New Zealand Weddings

( five to 12 years)


“If you want everything to go perfectly, don’t include your toddler, but if you’re open to the unexpected, then having that young energy and laughter is lovely,” says Emma.

Preschoole­rs make gorgeous flower girls, page boys and ring bearers, so if you want them in your day, that’s a wonderful way to do it. Bear in mind their personalit­y, however, as the pressure of performing in front of an audience can send little ones into a spin, so you might like to walk down the aisle with them or have an older sibling or cousin hold their hand. An alternativ­e is pairing them with an adult they know and trust, for them to carry a sign saying ‘Here comes the bride’, and scatter confetti when you exit the ceremony venue or blow bubbles when you arrive at the reception.

As with babies, it pays to organise someone to take responsibi­lity for your preschoole­r if things turn to custard; seat them on the aisle at the ceremony so they can make a quick exit if there’s a meltdown. If your guest list includes several young children, it may be worth hiring a nanny or two to help their parents keep an eye on them. Or try Auckland-based Event Childcare (eventchild­, a mobile crèche service with fully qualified staff, toys and resources, safety equipment (including fences and gates) and child-sized furniture.

If you and your guests will be partying into the night, make sure arrangemen­ts have been made for babysitter­s, neighbours or friends to collect the kids and take them home.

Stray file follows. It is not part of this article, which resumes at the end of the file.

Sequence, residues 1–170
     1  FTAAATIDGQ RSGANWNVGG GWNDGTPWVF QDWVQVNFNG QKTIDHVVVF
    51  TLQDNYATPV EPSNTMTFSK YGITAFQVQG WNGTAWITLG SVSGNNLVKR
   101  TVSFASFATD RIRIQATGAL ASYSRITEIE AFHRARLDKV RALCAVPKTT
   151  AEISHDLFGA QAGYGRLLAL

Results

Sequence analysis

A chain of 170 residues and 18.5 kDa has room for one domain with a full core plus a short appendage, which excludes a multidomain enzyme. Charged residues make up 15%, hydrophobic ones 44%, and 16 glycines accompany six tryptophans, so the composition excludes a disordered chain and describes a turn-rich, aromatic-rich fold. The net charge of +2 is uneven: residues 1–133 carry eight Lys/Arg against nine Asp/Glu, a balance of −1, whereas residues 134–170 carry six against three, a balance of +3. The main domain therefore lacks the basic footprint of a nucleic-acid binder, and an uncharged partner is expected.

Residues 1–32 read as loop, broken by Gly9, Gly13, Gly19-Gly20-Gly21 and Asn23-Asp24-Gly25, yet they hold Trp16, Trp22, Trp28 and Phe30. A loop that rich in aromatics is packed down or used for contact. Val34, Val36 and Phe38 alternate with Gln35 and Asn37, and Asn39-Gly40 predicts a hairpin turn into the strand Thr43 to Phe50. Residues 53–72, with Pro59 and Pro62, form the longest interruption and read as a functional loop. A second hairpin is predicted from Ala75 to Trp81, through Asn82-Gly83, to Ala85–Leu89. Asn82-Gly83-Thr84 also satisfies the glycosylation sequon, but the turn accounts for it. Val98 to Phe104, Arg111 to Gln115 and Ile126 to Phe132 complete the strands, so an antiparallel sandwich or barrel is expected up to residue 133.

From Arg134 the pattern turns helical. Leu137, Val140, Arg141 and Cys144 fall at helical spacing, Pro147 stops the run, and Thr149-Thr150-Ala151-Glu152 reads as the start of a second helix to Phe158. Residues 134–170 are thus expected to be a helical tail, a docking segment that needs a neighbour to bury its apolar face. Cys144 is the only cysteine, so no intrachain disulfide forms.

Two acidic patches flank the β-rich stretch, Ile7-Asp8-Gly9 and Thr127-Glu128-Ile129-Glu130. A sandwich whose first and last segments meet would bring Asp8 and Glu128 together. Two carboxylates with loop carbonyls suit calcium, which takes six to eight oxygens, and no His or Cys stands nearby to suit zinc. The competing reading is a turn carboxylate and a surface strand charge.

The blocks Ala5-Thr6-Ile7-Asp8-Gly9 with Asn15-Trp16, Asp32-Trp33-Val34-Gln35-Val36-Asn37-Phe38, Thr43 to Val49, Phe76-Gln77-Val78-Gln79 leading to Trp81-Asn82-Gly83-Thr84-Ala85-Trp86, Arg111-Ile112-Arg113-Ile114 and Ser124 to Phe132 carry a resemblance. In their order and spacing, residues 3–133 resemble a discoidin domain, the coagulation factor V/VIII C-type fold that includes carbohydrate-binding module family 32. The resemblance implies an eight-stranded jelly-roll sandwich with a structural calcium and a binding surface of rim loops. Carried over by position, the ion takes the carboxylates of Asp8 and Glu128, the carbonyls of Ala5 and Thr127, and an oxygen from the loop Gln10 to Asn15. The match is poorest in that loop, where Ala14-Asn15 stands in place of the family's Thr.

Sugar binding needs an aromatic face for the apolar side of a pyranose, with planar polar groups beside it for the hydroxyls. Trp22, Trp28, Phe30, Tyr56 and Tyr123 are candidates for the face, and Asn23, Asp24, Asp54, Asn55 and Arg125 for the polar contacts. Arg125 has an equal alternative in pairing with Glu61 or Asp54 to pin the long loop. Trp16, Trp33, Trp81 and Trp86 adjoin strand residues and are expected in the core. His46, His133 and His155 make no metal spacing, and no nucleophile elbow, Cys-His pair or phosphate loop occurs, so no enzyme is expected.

Kids of this age are easily incorporat­ed into proceeding­s, making them feel special and creating memories they’ll treasure for years to come. Ask your children or a friend’s to do a special reading at your ceremony, be part of the bridal party, hand out order-of-service cards or usher people to their seats. Older children could even sign the marriage license – there’s no age restrictio­n but they would need to be old enough to understand what they’re signing. Work with their age and personalit­ies, advises Emma. “If your 11-year-old niece feels comfortabl­e speaking in public, have her do a reading, but if she doesn’t, don’t make her.”

There’s a big difference between what will engage a five-year-old and a 12-year-old, so you might like to ask their parents for suggestion­s as to how to keep their offspring occupied and quiz them as to which foods they like and don’t like to eat. Emma suggests working with kids’ love of technology and making your wedding a BYOD (Bring Your Own Device) event.

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